Sprint continued its push toward next-generation WiMax technology this week, announcing an agreement with Motorola to conduct joint testing on wireless broadband to lay the groundwork for future infrastructure and services.
The move follows Sprint’s close work with chipmaker Intel, which is also pushing the 802.16e, or WiMax, wireless technology. WiMax has not yet been standardized, but is nevertheless viewed as the WiFi of tomorrow, with wider reach and greater bandwidth and speed.
Sprint is also likely to leverage the wireless spectrum it gains through its pending merger with Nextel, which supports a different wireless broadband technology from IP Wireless known as UMTS TDD.
IDC analyst Shiv Bakhshi told TechNewsWorld the WiMax announcements from Sprint signal the company’s dedication to the new wireless technology, but also may play into a larger strategy to unify home and mobile wireless broadband.
“They have a lot of spectrum, much of it fixed broadband spectrum,” he said. “So it is putting together a unified core network. The idea is to offer services across multiple access sites and manage subscribers and identify them in the same manner across the network.”
Testing Tomorrow’s Wireless
Sprint and Motorola said their collaboration is aimed at spurring IEEE 802.16e wireless in the 2.5 GHz band of the spectrum. The companies will undertake lab testing of base station equipment, smart antenna technology and multimedia handsets, as well as field trials in some locations for additional business case evaluation. If some of the trials are successful, they will lead to customer demonstrations and more studies for market applicability, the companies said.
“Motorola will use its deep heritage in wireless radio technology innovation, IP core switching and wireless devices to help Sprint validate next generation wireless opportunities,” said a statement from Motorola senior vice president and chief technology officer Dan Coombes.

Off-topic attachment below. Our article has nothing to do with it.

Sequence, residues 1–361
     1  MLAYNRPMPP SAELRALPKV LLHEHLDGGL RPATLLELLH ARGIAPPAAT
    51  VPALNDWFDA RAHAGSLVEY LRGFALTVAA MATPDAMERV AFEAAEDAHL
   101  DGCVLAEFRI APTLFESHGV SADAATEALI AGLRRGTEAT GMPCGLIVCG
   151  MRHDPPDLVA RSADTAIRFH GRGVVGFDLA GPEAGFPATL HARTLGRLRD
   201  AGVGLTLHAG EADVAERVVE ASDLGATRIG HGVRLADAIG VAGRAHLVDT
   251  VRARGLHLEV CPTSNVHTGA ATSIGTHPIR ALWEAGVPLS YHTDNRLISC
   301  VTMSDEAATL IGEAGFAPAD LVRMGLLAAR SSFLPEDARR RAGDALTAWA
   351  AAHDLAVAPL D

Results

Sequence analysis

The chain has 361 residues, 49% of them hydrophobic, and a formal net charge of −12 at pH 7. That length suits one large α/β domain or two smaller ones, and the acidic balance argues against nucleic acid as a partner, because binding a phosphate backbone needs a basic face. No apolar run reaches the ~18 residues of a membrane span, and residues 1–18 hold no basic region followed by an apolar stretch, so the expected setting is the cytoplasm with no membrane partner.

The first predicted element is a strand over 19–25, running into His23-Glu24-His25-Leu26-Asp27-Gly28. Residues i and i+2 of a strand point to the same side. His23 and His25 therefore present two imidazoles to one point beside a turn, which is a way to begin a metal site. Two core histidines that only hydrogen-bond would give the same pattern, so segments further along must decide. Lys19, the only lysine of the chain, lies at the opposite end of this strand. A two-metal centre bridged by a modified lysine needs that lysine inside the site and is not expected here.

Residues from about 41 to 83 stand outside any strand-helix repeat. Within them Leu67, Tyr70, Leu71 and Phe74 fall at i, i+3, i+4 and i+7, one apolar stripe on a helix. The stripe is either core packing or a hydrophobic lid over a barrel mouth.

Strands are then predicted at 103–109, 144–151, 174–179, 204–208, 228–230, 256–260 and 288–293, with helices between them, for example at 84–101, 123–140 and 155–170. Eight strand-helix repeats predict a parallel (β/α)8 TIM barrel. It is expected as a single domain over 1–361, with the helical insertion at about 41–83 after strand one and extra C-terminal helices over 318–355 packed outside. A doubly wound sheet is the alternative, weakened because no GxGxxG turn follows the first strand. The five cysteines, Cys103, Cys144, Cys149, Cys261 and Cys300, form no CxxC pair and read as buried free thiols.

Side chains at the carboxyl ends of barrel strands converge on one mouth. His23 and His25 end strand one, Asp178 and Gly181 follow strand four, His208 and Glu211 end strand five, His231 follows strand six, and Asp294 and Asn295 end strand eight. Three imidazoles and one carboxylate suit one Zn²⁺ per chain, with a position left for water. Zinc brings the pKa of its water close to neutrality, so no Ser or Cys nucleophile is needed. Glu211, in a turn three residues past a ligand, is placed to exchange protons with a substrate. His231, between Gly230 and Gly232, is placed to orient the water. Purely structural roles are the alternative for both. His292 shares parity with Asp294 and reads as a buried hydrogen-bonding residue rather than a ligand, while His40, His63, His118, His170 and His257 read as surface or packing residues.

IDC’s Bakhshi said that although Sprint sounds serious about its WiMax technology development, the company is working with a nascent wireless solution.
“They are just jumping the gun on this and want to be seen as one of the leaders in the space,” he said.
Bakhshi added it will be interesting to see what comes of the Nextel merger and the different wireless broadband technology it adds to the mix.
“Sprint is trying to position itself as a wireless broadband player,” he said. “They’re trying to make different layers of broadband available, including WiMax.”
More of a Statement
While Sprint and Motorola are only testing the WiMax technology, Ovum Vice President of Wireless Telecoms Roger Entner agreed their announcement comes as WiMax is just beginning to take shape.
“We’re still in the embryonic phases of it,” Entner told TechNewsWorld. “The standard they will be building hasn’t even been finalized. Right now, this is more of a statement of intent than anything else,” he said of the Sprint-Motorola deal.
Still, Entner praised the partnership, indicating the two “need each other” — Motorola for a WiMax partner with licensed spectrum, and Sprint to do something with the spectrum it gains along with the Nextel merger. The latter is creating pressure from the Federal Communication Commission to put the spectrum to use.
“Here are two that have sought and have found each other,” Entner said. “They both need each other.”
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